Vaccine supplies once committed to a country are not are moved around to another, because it is bigger or may have different needs, said Albert Bourla, Pfizer Chairman and Chief Executive Officer.

His comments come against the backdrop of the tug-of-war on vaccine supplies, as some countries go in for booster shots, while others wait to get primary doses across to citizens.

“We will not move around doses on the basis of, now I want to do kids or now I want to do boosters. The doses have been allocated for this year and we will maintain this allocation,” he said, adding that allocations were based on the orders that countries had already placed with them.

Of the three billion doses for this year, he said: “We have allocated 41 per cent to middle- and low-income countries, and this will not change. ... We have allocated at least one billion – although we do not have orders for one billion for low- and middle-income countries – for next year. I think its important that those that would like to receive doses, that they secure their order,” he said, addressing concerns being raised globally on the equitable distribution of vaccines.

Pfizer and Johnson and Johnson’s vaccines are awaited in India, although the latter appears to have made some headway.

Technology transfer

J&J’s Paul Stoffels, Vice-Chairman, Executive Committee and Chief Scientific Officer, said technology transfer was underway with India’s Biological E. The active material is currently being validated and the fill and finish has started, he said.

In India, he said: “We started from scratch, completely new plant , competely new equipment, the plant was not there 18 months ago and at present its being validated for drug substance. ... there is a fill and finish line, that is what is put in place and hopefully before the year end we will be able to start delivering vaccines to India on a large scale,” he said. On indemnity to vaccine companies, he said companies were working through the World Health Organization-supported Covax facility to ensure supplies.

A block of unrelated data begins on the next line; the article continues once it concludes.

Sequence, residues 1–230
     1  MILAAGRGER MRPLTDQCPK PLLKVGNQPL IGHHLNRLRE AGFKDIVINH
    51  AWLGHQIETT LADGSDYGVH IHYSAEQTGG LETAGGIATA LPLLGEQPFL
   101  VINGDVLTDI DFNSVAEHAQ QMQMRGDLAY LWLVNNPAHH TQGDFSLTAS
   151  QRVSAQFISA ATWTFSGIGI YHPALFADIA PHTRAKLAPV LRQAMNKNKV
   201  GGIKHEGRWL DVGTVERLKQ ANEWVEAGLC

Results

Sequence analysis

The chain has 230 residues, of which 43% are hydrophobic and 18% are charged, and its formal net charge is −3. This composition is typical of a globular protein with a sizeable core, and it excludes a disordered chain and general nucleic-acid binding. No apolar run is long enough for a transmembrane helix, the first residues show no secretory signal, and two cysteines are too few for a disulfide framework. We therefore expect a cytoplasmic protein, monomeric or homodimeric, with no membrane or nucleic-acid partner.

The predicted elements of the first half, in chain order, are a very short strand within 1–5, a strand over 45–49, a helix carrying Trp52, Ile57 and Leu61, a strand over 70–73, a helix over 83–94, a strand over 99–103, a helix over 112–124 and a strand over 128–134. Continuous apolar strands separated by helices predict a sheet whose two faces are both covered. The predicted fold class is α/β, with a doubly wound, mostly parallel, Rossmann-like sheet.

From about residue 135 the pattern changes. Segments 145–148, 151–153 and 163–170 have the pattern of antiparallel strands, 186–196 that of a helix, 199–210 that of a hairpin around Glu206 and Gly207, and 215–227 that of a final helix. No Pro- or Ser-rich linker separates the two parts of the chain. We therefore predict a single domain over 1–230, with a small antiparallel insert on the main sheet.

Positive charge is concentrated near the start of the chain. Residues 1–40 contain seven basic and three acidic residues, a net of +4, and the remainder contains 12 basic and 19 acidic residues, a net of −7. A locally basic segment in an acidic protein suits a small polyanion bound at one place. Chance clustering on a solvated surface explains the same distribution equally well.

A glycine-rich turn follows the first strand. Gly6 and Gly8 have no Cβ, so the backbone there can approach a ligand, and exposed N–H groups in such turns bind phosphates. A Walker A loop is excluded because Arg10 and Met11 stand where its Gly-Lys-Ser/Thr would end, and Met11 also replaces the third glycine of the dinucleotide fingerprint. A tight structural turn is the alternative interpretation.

The heads of Pfizer and J&J were speaking at the International Federation of Pharmaceutical Manufacturers and Associations (IFPMA) media interaction. They outlined the challenges in sourcing consumables, the effort involved in transferring technology, the role of other non-vaccine Covid-19 treatments and why partnerships were preferred to Intellectual Property waivers and technology hubs, for example.

Vaccine production

Data provided by IFPMA said Covid-19 vaccines dose production would reach 7.5 billion by September-end, at a rate of nearly 1.5 billion doses each month. By January 2022, there will be sufficient vaccines produced for every adult on every continent, the note said. Further, it pointed out, that presently authorised vaccines showed continued strong protection from infection and effectiveness against hospitalisation and death, despite the Delta variant.

On supplies, projections by Airfinityindicated that even if vaccine advisory committees and governments in G7 countries vaccinate teenagers and adults and decide to give boosters to at-risk populations, “there would still be over 1.2 billion doses available for redistribution in 2021 alone,” the note said, adding that “each month for the foreseeable year, over 200 million doses would be, with effective planning, available for low- and lower-middle-income countries”.